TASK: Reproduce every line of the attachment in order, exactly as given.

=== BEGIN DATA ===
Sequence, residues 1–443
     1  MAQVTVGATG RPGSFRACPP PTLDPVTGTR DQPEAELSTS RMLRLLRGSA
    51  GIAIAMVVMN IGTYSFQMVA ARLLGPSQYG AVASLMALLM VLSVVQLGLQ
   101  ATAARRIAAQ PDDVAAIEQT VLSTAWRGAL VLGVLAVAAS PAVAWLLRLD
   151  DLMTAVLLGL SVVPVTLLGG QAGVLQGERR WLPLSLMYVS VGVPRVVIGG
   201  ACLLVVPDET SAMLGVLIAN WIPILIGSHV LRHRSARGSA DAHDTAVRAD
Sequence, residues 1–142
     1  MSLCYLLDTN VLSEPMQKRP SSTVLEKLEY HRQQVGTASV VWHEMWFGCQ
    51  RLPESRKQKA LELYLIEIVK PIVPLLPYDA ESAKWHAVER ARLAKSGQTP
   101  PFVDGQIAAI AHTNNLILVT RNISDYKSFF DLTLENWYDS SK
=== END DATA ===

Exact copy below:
Sequence, residues 1–443
     1  MAQVTVGATG RPGSFRACPP PTLDPVTGTR DQPEAELSTS RMLRLLRGSA
    51  GIAIAMVVMN IGTYSFQMVA ARLLGPSQYG AVASLMALLM VLSVVQLGLQ
   101  ATAARRIAAQ PDDVAAIEQT VLSTAWRGAL VLGVLAVAAS PAVAWLLRLD
   151  DLMTAVLLGL SVVPVTLLGG QAGVLQGERR WLPLSLMYVS VGVPRVVIGG
   201  ACLLVVPDET SAMLGVLIAN WIPILIGSHV LRHRSARGSA DAHDTAVRAD
Sequence, residues 1–142
     1  MSLCYLLDTN VLSEPMQKRP SSTVLEKLEY HRQQVGTASV VWHEMWFGCQ
    51  RLPESRKQKA LELYLIEIVK PIVPLLPYDA ESAKWHAVER ARLAKSGQTP
   101  PFVDGQIAAI AHTNNLILVT RNISDYKSFF DLTLENWYDS SK